Conclusions We identified two novel genes, SOS2 and LZTR1, associated with Noonan syndrome, thereby expanding the molecular spectrum of RASopathies. Mutations in these genes are responsible for approximately 3% of all patients with Noonan syndrome. While SOS2 is a natural candidate, because of its homology with SOS1, the functional role of LZTR1 in the RAS/MAPK pathway is not known, and it could not have been identified without the large pedigrees. Additional functional studies are needed to elucidate the role of LZTR1 in RAS/MAPK signalling and in the pathogenesis of Noonan syndrome.

  • Noonan Syndrome
  • LZTR1
  • SOS2
  • High-Throughput Nucleotide Sequencing
  • Rasopathies

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Introduction

Noonan syndrome (NS (MIM 163950)) is an autosomal dominant disorder characterised by short stature, craniofacial dysmorphism, short and/or webbed neck, cardiac abnormalities, cryptorchidism in men and coagulation defects.1 NS is caused by dysregulation of the RAS/MAPK pathway, which plays a role in diverse biological functions, including proliferation, migration, survival, cell fate determination, differentiation and senescence. Heterozygous pathogenic variants in several genes, PTPN11, KRAS, SOS1, RAF1, SHOC2, NRAS, CBL, BRAF and MAP2K1, account for approximately 75%–80% of all NS cases.2 The clinical phenotype of NS overlaps with other disorders caused by mutations in the RAS/MAPK pathway. These disorders including NS are collectively named RASopathies.3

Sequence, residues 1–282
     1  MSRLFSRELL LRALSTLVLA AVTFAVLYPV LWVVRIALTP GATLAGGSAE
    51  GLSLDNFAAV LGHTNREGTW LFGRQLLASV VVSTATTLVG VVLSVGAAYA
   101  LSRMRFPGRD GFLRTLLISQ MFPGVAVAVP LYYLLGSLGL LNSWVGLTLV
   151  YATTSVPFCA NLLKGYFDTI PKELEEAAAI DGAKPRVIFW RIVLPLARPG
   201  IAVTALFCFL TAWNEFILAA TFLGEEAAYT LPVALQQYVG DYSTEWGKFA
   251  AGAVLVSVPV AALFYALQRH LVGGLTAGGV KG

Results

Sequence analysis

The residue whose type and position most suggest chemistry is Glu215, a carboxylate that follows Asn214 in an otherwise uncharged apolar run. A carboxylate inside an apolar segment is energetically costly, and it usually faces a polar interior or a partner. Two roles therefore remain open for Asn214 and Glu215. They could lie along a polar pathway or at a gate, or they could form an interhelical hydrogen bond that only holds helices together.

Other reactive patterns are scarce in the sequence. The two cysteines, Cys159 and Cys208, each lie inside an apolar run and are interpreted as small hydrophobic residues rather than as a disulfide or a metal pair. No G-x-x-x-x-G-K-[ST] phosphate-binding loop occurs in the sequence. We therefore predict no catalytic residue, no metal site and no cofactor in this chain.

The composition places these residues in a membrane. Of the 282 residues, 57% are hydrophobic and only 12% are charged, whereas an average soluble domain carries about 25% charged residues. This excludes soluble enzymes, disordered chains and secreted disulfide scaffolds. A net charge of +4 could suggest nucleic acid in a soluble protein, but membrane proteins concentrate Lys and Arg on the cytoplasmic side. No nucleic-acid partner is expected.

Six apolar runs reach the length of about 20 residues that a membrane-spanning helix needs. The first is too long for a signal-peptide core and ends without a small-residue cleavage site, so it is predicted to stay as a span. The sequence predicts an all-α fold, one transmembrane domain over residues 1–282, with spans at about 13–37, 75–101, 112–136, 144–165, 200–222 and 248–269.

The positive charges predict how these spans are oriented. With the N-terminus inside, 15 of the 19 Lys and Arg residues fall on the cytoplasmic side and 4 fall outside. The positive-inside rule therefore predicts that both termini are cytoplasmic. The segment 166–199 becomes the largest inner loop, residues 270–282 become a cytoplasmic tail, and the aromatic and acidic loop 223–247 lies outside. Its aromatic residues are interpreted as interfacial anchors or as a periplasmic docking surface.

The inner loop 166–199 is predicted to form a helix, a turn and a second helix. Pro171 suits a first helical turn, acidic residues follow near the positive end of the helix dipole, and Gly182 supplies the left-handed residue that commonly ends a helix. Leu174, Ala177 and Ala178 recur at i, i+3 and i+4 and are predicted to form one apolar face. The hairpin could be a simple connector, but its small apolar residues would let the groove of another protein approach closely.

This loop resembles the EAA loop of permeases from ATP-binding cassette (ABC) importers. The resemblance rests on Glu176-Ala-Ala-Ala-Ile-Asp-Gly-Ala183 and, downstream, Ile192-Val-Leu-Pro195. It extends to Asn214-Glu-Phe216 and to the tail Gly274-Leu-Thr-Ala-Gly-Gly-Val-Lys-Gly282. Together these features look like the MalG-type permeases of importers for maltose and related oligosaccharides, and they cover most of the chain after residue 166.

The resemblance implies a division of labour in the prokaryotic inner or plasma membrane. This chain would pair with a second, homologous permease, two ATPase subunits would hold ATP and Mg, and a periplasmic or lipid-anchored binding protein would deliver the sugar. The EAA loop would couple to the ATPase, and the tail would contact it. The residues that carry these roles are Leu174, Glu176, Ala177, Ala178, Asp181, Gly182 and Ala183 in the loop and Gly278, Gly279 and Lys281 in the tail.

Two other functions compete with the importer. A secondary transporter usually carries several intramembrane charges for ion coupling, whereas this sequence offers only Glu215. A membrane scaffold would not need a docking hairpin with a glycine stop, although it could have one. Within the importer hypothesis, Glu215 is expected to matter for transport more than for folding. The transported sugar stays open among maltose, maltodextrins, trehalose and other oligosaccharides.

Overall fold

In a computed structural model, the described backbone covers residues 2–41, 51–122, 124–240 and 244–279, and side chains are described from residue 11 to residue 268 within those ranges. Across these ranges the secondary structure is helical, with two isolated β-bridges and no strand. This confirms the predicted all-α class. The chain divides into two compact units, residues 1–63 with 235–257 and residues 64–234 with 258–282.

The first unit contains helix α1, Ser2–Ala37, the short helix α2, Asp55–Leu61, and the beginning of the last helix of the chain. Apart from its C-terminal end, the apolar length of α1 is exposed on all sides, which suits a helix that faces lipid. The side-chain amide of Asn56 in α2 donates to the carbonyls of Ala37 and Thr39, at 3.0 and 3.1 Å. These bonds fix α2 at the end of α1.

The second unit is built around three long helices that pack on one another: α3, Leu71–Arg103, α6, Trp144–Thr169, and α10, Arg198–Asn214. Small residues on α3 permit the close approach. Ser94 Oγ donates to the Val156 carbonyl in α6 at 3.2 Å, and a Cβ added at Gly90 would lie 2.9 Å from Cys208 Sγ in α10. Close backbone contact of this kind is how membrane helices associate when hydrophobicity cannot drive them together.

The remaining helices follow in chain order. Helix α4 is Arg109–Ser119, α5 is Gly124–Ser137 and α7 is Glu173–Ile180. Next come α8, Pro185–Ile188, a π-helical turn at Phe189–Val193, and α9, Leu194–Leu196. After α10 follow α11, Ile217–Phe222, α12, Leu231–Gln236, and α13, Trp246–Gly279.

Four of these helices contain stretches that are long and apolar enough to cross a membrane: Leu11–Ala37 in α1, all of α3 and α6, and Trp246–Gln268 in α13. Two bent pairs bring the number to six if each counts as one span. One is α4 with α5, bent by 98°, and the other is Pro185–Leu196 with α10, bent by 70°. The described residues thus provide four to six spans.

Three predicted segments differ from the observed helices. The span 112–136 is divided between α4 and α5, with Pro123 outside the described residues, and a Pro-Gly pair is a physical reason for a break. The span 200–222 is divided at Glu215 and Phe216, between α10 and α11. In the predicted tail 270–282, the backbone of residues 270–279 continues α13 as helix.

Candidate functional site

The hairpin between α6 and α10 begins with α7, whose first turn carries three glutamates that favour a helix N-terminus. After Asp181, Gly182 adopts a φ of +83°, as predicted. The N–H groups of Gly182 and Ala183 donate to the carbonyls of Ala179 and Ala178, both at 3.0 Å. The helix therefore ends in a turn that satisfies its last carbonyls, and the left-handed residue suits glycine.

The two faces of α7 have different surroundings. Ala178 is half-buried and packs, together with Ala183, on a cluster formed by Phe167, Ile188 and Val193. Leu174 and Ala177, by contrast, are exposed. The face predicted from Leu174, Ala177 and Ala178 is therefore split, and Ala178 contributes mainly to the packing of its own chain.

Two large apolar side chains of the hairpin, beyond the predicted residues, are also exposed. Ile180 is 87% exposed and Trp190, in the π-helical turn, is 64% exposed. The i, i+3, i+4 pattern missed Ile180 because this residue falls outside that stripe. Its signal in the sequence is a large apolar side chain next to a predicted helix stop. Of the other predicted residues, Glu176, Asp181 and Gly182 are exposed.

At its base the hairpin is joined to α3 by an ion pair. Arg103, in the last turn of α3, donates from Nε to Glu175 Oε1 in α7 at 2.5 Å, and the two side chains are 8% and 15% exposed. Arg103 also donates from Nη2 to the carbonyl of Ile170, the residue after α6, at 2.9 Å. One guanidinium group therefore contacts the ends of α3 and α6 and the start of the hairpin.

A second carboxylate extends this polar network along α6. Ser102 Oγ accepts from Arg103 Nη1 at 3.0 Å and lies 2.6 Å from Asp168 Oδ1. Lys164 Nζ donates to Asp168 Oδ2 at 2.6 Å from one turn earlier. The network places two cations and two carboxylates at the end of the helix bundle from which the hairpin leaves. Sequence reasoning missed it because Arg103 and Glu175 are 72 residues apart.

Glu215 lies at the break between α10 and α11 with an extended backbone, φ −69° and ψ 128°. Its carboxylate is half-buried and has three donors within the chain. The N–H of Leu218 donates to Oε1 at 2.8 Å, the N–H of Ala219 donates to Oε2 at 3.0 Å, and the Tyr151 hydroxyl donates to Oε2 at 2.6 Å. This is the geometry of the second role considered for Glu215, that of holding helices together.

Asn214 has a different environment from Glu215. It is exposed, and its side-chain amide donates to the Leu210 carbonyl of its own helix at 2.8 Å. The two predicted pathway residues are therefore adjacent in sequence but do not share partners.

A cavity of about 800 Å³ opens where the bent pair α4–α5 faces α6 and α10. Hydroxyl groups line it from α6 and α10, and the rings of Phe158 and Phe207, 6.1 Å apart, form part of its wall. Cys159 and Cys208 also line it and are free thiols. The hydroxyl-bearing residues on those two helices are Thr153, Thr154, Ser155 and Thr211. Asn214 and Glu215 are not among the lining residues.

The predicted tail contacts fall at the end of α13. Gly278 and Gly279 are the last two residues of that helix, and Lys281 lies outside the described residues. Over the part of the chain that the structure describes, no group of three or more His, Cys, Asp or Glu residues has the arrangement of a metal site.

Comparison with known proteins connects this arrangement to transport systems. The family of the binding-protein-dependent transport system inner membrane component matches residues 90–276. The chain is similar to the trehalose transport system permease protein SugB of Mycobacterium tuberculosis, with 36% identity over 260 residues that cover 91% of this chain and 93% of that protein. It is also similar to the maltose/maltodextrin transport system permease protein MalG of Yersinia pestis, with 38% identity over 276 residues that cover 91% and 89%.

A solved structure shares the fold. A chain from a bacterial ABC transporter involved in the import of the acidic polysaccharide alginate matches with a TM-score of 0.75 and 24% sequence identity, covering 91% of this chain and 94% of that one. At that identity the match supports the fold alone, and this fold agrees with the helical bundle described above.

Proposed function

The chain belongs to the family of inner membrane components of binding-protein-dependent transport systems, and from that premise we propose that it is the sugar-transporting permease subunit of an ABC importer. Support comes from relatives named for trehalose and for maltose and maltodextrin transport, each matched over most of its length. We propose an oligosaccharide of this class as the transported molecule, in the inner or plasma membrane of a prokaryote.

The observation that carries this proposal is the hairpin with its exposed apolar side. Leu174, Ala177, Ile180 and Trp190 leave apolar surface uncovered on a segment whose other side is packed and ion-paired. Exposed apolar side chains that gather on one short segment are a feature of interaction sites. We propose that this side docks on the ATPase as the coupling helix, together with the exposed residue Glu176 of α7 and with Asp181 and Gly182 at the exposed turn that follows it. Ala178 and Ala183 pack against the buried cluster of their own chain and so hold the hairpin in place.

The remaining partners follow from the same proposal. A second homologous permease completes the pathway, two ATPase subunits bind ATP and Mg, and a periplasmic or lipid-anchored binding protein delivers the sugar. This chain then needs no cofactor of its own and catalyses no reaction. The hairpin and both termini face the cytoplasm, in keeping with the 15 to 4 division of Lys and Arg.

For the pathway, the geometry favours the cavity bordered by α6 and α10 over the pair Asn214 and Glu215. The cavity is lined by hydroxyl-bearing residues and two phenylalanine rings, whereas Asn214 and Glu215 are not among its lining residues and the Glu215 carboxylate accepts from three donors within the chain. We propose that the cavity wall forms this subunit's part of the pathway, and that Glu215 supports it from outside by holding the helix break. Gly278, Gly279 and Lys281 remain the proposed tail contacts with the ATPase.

During the last 2 years, whole-exome sequencing (WES) and whole genome sequencing have been applied to identify disease-causing variants in the remaining 20% of the NS with unknown genetic aetiology. Consequently, pathogenic variants in RIT1 and RASA2 were identified in a small fraction of the cases.4 ,5 These studies underscored the increasing challenges to identify rare, pathogenic variants in disorders comprising high locus heterogeneity, in which the majority of genes have already been identified. In this scenario, to be able to make sense of the large numbers of rare variants typically produced by WES, two reasonable approaches may be applied: one is to study large cohorts and seek candidate genes already known to be involved in the RAS/MAPK pathway, increasing the possibility that more than one individual could harbour rare variants in a common gene; the other is to examine familial cases and search for predicted pathogenic de novo and/or segregating variants without a priori hypotheses regarding the function of the genes.

Herein, these two approaches were applied in a NS Brazilian cohort in order to identify novel genes associated with NS. Subsequently, two additional familial cases from international centres were included.

Methods

Brazilian cohort